18. Out of hours alerts Set a high bar for what

    you are going to wake people up for. Actively curate a small list of these alerts. Tweak them until they are rock solid. No flaps. Take those alerts as seriously as a heart attack. Track them, graph them, FIX THEM. Managers, consider adding yourselves to the rotation.
  19. Retro and Resolve If something alerted out of hours, hold

    a retro. Can this be auto remediated? Can it be diverted to the second lane? What needs to be done to fix this for good? z Have a second lane of “stuff to deal with, but not urgently” where most alarms go. Send as much as possible to lane two.
  20. Reduce the gremlins in your system Embrace observability Make a

    habit of inspecting your instrumentation after each deploy Require everyone to answer, “how will you know when this breaks?” and “what are you going to look for?” before each merge. Proactively explore and inspect outliers every day Make sure that engineers have enough time to finish retro action items Get reliability projects on the schedule Spend 20% time steady state on tech debt and small improvements Run chaos experiments Decouple deploys from releases using feature flags.
  21. Investments Decouple your deploys from releases using feature flags. Consider

    progressive deployments. You will need to spend at least 20% time on system upkeep, steady state. If you’re in the red, you need to start with more.
  22. Principles It is easier to keep yourself from falling into

    an operational pit of doom than it is to dig your way out of one. Value good, clean high-level abstractions that let you delegate large swaths of operational burden and software surface area to vendors. Money is cheap; engineering cycles are not.
  23. Roadmapping Reliability work and technical debt are not secondary to

    product features. Use SLOs (and human SLOs!) to assert the time you need to build a better system. You need to spend at least 20% time on system upkeep, steady state. If you’re in the red, you need to start with more.
  24. Test in Production If you can’t reliably ascertain what’s happening

    within a few minutes of investigating, you need better observability. This is not normal or acceptable. Run chaos experiments (at 3pm, not 3am) to make sure you’ve fixed it, and perhaps run them continuously, forever.
  25. Instrument your code for observability with wide events and spans

    Replace dashboards with ad hoc querying Practice ODD (Observability-Driven Development) (instrument as you go, ship quickly, then verify your changes in prod) After each merge, automatically run tests, build artifact, and deploy. Deploy one merge by one engineer at a time Run tests and auto-deploy in 15 minutes or less Consider whether you have sufficient operational expertise on hand Improve your performance as a team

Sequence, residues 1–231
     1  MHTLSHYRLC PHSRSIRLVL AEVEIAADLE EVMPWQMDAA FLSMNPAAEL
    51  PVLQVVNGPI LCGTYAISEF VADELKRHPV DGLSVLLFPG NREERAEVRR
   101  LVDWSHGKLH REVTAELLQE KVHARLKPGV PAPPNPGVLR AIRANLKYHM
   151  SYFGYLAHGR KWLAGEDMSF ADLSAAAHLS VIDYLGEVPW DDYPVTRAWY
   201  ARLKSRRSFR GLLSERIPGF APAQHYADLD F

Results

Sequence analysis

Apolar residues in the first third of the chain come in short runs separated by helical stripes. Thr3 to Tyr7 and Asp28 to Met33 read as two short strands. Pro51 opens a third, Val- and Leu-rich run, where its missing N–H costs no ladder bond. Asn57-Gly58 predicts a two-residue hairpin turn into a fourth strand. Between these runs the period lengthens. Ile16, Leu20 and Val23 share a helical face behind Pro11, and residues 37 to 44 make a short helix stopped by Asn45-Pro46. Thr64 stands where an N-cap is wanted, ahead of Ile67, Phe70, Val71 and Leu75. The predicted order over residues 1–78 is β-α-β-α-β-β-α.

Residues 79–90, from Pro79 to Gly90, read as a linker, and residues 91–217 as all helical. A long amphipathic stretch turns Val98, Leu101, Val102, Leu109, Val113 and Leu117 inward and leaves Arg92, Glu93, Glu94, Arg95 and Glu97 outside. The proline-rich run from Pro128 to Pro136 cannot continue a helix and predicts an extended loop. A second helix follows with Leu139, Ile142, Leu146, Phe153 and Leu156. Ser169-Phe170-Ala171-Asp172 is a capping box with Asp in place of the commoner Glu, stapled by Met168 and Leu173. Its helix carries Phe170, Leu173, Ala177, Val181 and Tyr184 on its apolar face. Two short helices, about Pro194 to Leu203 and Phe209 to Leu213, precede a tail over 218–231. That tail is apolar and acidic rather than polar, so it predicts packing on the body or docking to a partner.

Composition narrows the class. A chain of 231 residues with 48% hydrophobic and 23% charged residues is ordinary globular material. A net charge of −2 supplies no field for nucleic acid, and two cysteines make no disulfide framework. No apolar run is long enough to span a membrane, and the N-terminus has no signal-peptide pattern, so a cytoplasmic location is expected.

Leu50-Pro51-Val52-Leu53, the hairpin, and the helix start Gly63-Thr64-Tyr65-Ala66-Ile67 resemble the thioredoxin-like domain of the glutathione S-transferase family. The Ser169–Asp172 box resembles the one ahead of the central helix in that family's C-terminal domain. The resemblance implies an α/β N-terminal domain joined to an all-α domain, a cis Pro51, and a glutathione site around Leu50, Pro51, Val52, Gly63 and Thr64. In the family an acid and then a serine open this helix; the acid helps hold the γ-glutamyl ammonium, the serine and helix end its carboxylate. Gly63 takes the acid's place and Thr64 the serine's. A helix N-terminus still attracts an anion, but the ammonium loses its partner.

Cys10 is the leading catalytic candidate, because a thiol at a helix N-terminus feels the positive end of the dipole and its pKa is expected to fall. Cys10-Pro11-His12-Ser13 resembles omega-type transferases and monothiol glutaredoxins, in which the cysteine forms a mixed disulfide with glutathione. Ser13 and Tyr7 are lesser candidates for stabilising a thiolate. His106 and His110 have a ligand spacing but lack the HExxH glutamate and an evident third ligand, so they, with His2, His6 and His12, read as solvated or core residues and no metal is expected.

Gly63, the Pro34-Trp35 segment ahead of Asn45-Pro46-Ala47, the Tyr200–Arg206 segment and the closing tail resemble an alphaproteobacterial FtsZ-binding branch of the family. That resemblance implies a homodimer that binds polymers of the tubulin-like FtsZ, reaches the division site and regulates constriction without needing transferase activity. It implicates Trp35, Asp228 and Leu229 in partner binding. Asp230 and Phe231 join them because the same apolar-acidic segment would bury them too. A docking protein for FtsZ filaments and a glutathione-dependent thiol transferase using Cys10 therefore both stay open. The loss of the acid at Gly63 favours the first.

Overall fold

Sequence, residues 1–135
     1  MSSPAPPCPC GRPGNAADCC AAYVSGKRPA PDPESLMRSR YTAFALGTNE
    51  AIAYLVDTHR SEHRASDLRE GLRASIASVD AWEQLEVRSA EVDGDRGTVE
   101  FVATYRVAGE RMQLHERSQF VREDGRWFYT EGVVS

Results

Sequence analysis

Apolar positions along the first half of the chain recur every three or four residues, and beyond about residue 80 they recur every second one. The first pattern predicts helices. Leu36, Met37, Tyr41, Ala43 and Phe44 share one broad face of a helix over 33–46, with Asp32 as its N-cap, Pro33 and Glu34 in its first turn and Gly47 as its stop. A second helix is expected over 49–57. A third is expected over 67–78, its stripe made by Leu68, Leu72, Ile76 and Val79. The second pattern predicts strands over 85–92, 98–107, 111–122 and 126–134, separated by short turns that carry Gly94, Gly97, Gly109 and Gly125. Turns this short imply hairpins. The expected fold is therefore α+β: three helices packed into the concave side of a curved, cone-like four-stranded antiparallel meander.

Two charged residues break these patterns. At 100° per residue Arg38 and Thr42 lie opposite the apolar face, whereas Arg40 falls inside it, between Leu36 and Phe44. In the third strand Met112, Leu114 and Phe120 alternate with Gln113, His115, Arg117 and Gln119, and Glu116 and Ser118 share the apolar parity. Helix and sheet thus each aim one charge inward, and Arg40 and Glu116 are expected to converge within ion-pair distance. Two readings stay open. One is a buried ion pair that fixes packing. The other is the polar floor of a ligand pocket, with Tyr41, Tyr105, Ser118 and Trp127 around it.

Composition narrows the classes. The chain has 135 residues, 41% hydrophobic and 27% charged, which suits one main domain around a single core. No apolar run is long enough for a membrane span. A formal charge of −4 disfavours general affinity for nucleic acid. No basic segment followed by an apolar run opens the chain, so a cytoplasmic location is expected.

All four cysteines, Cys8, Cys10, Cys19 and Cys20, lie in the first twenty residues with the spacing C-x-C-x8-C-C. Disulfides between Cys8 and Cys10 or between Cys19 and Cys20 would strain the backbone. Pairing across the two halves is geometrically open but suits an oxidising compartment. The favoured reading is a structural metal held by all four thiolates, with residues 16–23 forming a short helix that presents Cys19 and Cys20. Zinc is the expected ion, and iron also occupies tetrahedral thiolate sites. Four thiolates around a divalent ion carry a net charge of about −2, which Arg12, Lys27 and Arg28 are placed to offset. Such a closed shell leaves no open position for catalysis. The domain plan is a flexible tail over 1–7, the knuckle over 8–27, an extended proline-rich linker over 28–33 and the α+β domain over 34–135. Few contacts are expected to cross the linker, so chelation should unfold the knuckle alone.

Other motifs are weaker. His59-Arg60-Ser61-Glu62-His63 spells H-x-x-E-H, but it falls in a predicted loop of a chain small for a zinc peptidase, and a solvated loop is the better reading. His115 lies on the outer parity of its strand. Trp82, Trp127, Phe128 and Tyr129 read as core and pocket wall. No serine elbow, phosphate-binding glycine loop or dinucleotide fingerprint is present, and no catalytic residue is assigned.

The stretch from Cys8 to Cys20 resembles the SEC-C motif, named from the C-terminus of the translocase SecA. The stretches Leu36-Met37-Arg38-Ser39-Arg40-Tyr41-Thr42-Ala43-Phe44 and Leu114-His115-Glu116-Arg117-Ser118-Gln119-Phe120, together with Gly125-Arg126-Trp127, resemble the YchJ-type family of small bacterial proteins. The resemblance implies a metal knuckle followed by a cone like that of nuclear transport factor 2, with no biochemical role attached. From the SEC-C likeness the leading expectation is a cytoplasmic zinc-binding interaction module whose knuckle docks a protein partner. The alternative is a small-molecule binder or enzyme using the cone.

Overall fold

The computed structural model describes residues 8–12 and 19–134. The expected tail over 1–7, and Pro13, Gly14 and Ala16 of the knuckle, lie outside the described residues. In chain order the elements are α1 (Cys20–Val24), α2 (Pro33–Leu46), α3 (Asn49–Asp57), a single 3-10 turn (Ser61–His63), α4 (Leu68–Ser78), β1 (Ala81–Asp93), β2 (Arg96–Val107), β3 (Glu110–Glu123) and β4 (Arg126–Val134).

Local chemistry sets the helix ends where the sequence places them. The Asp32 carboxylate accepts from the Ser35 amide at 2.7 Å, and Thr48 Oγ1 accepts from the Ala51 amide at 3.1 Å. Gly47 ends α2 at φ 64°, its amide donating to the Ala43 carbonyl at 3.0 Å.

26. How well does your team perform? != “how good are

    you at engineering”
  27. High-performing teams spend the majority of their time solving interesting,

    novel problems that move the business materially forward. Lower-performing teams spend their time firefighting, waiting on code review, waiting on each other, resolving merge conflicts, reproducing tricky bugs, solving problems they thought were fixed, responding to customer complaints, fixing flaky tests, running deploys by hand, fighting with their infrastructure, fighting with their tools, fighting with each other…endless yak shaving and toil.
  28. 🔥1 — How frequently do you deploy? 🔥2 — How

    long does it take for code to go live? 🔥3 — How many of your deploys fail? 🔥4 — How long does it take to recover from an outage? 🔥5 — How often are you paged outside work hours? How high-performing is YOUR team?
  29. There is a wide gap between “elite” teams and the

    other 75%. 2021 numbers
  30. Work on these things. Track these things. They matter. Deploy

    frequency Time to deploy Deploy failures Time to recovery Out-of-hours alert
  31. Great teams make great engineers. ❤

  32. Your ability to ship code swiftly and safely has less

    to do with your knowledge of algorithms and data structures, sociotechnical (n) “Technology is the sum of ways in which social groups construct the material objects of their civilizations. The things made are socially constructed just as much as technically constructed. The merging of these two things, construction and insight, is sociotechnology” — wikipedia and much more to do with the sociotechnical system you participate in. Technical leadership should focus intensely on constructing and tightening the feedback loops at the heart of their system.
  33. Now that we have tamed our alerts, and switched to

    SLOs… Now that we have dramatically fewer unknown-unknowns… Now that we have the instrumentation to swiftly pinpoint any cause… Now that we auto-deploy our changes to production within minutes… Now that out-of-hours alerts are vanishingly rare… So, now that we’ve done all that… “I’m still not happy. You said I’d be HAPPY to be on call.”
  34. If you are on call, you are not to work

    on product or the roadmap that week. You work on the system. Whatever has been bothering you, whatever you think is broken … you work on that. Use your judgment. Have fun. If you were on call this week, you get next Friday off.
  35. I’m of mixed mind about paying people for being on

    call. With one big exception. If you are struggling to get your engineers the time they need for systems work instead of just cranking features, you should start paying people a premium every time they are alerted out of hours. Pay them a lot. Pay enough for finance to complain. Pay them until management is begging you to work on reliability to save them money. If they don’t care about your people’s time and lives, convert it into something they do care about. ✨Money✨
  36. The End ☺

  37. Charity Majors @mipsytipsy